McLuhan Credit: Courtesy of Steve Krakow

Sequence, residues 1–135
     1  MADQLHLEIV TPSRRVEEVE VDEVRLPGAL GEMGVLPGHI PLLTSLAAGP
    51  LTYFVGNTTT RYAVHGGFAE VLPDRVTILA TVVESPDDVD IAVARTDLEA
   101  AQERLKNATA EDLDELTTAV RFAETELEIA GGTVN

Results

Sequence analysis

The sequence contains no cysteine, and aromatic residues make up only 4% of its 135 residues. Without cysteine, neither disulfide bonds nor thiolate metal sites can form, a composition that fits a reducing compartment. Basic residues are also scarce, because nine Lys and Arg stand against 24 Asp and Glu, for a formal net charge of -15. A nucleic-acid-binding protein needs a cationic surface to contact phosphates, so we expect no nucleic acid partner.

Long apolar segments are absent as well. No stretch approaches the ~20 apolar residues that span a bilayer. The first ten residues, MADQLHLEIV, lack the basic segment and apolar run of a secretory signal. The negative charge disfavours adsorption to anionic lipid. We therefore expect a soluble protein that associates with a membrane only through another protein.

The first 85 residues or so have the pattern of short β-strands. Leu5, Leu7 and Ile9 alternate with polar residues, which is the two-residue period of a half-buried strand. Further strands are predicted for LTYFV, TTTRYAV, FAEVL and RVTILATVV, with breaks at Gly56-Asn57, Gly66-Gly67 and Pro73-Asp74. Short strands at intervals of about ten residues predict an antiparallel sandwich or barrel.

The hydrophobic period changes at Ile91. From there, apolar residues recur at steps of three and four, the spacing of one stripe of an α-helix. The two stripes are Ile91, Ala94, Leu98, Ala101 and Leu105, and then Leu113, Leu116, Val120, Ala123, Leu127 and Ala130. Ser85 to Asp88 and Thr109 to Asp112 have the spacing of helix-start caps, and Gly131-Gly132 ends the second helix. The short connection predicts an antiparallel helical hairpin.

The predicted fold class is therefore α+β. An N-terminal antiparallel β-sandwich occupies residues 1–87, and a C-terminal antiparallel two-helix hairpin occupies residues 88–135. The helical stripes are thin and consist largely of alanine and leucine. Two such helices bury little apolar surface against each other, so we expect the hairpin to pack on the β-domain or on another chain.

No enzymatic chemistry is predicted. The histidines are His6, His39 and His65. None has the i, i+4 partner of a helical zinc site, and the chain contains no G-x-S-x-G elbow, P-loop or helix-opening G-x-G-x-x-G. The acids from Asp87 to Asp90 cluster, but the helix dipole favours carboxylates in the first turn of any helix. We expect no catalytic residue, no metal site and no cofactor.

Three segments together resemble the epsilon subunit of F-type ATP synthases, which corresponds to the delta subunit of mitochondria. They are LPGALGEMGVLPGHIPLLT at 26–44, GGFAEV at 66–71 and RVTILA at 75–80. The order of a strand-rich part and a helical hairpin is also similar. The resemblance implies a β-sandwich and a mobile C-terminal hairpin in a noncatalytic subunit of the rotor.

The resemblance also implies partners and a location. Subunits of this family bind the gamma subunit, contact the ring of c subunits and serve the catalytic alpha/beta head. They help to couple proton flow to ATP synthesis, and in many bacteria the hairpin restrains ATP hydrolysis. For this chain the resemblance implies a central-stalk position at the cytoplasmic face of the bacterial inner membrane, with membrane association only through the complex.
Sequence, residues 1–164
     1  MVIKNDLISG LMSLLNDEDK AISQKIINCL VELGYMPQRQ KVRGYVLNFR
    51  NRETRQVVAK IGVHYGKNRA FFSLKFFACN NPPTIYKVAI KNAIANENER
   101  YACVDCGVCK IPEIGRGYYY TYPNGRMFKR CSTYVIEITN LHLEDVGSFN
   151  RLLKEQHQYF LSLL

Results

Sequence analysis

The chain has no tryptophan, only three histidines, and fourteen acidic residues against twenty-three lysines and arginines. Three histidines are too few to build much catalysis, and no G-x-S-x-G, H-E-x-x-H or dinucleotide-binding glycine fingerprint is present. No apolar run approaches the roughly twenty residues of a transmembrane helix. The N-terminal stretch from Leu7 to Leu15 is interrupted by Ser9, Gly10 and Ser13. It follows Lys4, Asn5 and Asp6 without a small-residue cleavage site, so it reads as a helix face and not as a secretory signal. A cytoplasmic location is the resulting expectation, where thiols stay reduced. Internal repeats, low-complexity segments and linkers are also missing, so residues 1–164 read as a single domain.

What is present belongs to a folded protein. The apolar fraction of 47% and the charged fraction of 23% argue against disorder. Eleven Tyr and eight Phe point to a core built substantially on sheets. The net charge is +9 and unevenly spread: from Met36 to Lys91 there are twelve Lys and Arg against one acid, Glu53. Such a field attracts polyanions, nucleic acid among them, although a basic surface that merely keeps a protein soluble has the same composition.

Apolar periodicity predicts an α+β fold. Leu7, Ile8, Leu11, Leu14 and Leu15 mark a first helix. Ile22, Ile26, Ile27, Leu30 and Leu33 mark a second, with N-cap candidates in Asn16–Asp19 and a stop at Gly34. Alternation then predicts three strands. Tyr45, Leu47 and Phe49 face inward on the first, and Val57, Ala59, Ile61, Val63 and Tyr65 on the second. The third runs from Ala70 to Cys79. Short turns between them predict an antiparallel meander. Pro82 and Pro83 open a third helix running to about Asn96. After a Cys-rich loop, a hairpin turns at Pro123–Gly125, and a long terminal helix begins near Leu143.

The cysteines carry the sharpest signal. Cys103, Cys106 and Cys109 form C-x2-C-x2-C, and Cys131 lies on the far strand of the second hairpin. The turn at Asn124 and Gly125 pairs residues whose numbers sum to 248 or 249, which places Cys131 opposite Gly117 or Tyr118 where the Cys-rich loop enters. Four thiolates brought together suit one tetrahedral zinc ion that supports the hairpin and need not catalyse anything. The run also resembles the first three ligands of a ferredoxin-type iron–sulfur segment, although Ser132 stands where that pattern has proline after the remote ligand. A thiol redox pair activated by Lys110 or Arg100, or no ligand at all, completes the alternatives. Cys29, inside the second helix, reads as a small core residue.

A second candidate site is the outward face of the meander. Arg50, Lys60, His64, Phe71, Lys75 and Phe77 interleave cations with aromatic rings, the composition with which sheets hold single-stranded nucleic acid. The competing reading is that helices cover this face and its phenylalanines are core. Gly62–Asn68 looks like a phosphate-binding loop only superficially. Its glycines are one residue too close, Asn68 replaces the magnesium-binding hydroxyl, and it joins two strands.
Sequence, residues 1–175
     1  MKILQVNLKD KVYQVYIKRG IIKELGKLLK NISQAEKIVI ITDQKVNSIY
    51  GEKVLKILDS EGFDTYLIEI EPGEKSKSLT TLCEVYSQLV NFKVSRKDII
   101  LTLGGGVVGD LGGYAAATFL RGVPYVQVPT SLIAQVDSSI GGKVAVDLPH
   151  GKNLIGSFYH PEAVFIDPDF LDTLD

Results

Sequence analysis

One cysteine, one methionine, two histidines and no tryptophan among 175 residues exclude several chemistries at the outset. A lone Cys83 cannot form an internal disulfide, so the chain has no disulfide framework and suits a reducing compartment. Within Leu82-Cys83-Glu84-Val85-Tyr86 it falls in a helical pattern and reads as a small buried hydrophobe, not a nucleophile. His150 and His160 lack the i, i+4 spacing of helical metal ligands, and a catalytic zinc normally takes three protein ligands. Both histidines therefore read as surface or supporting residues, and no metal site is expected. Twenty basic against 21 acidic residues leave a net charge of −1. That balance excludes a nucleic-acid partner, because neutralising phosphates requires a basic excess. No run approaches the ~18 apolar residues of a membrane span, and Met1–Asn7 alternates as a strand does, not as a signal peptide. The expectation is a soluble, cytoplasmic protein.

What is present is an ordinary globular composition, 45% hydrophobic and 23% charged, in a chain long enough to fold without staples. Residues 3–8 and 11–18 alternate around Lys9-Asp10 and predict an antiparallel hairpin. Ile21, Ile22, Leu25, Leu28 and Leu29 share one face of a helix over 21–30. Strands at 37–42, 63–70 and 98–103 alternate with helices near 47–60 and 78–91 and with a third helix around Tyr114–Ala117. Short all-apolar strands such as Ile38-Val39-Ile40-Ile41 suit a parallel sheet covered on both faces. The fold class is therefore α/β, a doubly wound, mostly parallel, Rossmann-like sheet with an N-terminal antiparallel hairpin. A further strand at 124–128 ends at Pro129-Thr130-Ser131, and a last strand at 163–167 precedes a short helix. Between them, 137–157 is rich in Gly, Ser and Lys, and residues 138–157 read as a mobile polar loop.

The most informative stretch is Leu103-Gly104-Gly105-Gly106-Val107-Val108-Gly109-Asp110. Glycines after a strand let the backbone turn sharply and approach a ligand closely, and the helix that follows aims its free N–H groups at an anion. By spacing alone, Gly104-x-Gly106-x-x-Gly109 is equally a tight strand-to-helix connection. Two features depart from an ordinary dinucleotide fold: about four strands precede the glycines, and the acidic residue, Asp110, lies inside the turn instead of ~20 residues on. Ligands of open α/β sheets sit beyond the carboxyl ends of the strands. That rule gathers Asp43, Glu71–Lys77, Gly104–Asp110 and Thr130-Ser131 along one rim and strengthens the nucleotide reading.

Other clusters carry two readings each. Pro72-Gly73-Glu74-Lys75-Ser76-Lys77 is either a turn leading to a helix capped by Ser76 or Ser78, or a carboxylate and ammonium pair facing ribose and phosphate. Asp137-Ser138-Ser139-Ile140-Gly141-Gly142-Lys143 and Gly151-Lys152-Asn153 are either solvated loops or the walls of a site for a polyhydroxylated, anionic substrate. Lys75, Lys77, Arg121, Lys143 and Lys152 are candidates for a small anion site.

In the 60s and 70s, Chicago producer, A&R man, songwriter, and record honcho Carl Davis helped shape the sound of Chicago soul, working directly with Jackie Wilson, Tyrone Davis, the Chi-Lites, and Barbara Acklin, among others. While employed at legendary label Brunswick in the early 70s, Davis was keen to add a white crossover act in the vein of Motown signees Rare Earth (of “I Just Want to Celebrate” fame); according to Steve Krakow’s regular Reader series,Secret History of Chicago Music, that’s what led Davis to sign McLuhan. Named after famed media theorist and philosopher Marshall McLuhan, the group formed after meeting as students at the University of Illinois-Chicago in the late 1960s. They developed a mutant strain of prog—though simply describing what McLuhan made as “prog” is like saying Zappa played rock—and incorporated mixed-media footage in their live sets. The band’s 1972 debut, Anomaly, blends heavy freakouts, 50s-pop vocal harmonies, classic horror storytelling, and quasi-orchestral arrangements that sound like they’re made for Saturday-morning cartoons. Instead of providing easy hooks, McLuhan delivered Brunswick an anomaly, and since the band never toured, the album went by the wayside only to become cherished by collectors decades later (if you want a copy in great condition, be prepared to pony up). The band dissolved shortly thereafter, though bassist-vocalist and de facto leader Neal Rosner—now a radiologist who splits his time between Highland Park and Madisonville, Kentucky—recently regrouped with woodwind player Paul “Bunky” Cohn and drummer-vocalist John Mahoney for a couple brief performances in Kentucky. In January, Rosner reached out to Krakow to set up a proper McLuhan reunion in Chicago. Tonight’s lineup will include him, Cohn, Mahoney, and a few younger musicians, including Bart Coyle on trumpet, Ted Spaniak on guitar, and Chuck Harling of alt-rockers Roxy Swain on drums. And yes, there will be mixed media.   v